Every once in while we come across an article about the crazy work hours of successful people and to be honest, all of us want to work that hard (at least I want to). Writing this blog brought me back to my memories of class 9th when I was too much into these type of articles. All I dreamt of at that point of time was to have freedom to have a crazy work ethic like Elon Musk. Back then I was working on my then e-learning website ( which is now non-operational). When I started my current company Collobe (which is by the way, an upcoming data analytics product for employee productivity) after my class 10th boards, I finally got the freedom to have that crazy work ethic. Somehow things worked out and we got ourselves into a TV show(video is below) and finally landed ourselves an incubation at ‘Nasscom 10k Startups, Bangalore’.
At the incubation center, we got what we wanted, the liberty to work as much as we can. So since January this year, we’ve done numerous experiments with our productivity. We’ve tried a bunch of different techniques and to be honest it’s been an amazing experience to do these specially when we personally are in the productivity tool space. Below are the three main things we’ve done.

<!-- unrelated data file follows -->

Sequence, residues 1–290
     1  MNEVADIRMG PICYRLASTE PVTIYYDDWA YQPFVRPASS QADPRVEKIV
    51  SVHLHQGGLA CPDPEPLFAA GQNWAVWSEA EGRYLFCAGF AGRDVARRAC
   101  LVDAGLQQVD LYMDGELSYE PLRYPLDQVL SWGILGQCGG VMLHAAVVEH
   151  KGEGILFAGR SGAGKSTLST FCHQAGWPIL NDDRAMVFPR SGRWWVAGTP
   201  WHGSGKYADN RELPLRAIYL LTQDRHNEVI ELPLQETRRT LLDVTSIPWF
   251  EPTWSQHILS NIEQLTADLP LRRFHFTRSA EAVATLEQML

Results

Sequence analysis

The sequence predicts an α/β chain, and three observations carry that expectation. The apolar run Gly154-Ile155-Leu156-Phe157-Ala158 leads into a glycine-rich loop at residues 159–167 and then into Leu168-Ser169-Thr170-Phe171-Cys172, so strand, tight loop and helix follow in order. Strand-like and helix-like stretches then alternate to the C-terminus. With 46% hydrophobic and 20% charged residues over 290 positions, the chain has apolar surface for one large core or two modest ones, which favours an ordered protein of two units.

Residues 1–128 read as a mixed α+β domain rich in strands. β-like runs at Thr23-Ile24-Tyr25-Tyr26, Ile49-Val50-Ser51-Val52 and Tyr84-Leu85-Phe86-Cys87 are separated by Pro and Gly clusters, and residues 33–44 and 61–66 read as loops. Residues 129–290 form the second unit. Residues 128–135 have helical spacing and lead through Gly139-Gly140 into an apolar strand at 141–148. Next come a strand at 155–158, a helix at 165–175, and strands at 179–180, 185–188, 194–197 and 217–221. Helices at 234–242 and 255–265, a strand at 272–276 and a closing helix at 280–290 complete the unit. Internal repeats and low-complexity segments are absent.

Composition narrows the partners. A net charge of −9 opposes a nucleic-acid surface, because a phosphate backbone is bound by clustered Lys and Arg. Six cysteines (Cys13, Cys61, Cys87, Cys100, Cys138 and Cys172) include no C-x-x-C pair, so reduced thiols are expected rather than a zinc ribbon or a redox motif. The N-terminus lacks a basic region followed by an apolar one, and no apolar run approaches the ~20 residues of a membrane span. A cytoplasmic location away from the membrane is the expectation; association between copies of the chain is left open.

Now, obviously this was the first choice. We used to sleep at about 12 in the midnight and would wake up by 5 AM in the morning. One of the things we do to save time is sleep at the office to avoid travel time. In this case, it was no different. Now, I would prefer this schedule because when we followed this, the productivity levels were really up, more code was being shipped everyday and we didn’t feel sleepy at any time of the day. A lot of it depends on what kind of people you surround yourself with. We are fortunate enough to have some great people around us who are really into work. A major factor in productivity is the relative productivity of people around you, the level of your productivity is directly proportional to the relative productivity of people around you. Usually, breaks are considered negative and the one who works continuously is treated like ‘Arnold from Terminator’ but the reality is that working continuously is a myth in general. Looking at the screen without pretty much doing anything is definitely not something which you could consider as work. People should seriously consider taking breaks at least every hour so that when they come back they could wholly focus on work. We observed that when we didn’t take any break for about a period of six hours, hardly work of three hours was done. Working at daytime is pretty much something that we’ve been trained for since our school days ( Engineering students would disagree!) so this is the easiest working pattern to adapt to and fetches good results.